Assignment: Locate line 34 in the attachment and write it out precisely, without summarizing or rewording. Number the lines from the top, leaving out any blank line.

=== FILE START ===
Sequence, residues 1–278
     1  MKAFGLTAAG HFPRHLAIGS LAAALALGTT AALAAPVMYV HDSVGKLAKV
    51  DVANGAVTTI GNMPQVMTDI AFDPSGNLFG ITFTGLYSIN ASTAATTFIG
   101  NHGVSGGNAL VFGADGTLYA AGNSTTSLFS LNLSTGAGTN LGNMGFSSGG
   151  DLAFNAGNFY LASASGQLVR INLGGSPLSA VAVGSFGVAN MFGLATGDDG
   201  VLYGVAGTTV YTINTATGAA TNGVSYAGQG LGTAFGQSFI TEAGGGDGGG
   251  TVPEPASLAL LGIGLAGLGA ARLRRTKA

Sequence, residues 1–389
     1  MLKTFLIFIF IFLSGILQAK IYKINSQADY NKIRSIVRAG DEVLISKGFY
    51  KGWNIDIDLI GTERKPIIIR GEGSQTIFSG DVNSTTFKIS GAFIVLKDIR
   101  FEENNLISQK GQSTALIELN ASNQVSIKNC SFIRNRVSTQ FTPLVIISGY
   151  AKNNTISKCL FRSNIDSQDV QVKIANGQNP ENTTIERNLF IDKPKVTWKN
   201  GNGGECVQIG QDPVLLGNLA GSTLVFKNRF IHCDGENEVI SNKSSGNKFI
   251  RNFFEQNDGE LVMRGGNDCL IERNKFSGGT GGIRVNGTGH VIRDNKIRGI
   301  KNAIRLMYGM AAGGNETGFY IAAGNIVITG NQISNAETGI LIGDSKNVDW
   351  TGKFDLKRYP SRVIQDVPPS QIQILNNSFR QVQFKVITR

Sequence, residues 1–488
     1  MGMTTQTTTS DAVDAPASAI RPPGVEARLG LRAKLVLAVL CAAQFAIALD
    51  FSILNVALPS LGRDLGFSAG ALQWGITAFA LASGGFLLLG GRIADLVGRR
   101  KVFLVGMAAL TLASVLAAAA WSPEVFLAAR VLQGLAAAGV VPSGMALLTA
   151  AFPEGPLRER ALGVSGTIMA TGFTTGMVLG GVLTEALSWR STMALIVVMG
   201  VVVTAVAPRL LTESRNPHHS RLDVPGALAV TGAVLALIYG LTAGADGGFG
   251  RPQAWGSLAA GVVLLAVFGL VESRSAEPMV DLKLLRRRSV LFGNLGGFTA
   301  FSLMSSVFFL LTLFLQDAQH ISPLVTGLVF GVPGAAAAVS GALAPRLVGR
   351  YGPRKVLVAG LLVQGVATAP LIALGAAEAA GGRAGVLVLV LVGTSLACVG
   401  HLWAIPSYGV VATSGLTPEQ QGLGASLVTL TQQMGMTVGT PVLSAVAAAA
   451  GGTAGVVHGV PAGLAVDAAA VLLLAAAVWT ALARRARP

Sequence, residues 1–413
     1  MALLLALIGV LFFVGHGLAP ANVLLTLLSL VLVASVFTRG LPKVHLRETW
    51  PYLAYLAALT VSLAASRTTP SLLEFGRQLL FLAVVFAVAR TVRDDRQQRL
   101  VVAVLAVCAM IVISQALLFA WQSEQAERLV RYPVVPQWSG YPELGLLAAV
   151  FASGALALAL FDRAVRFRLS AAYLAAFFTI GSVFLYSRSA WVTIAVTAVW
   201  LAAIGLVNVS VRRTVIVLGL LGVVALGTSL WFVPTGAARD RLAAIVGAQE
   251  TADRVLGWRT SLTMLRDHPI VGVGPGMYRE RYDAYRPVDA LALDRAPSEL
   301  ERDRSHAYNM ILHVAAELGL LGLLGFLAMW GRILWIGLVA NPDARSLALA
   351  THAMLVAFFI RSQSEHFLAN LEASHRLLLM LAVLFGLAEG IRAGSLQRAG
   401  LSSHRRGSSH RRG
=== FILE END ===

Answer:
   251  TADRVLGWRT SLTMLRDHPI VGVGPGMYRE RYDAYRPVDA LALDRAPSEL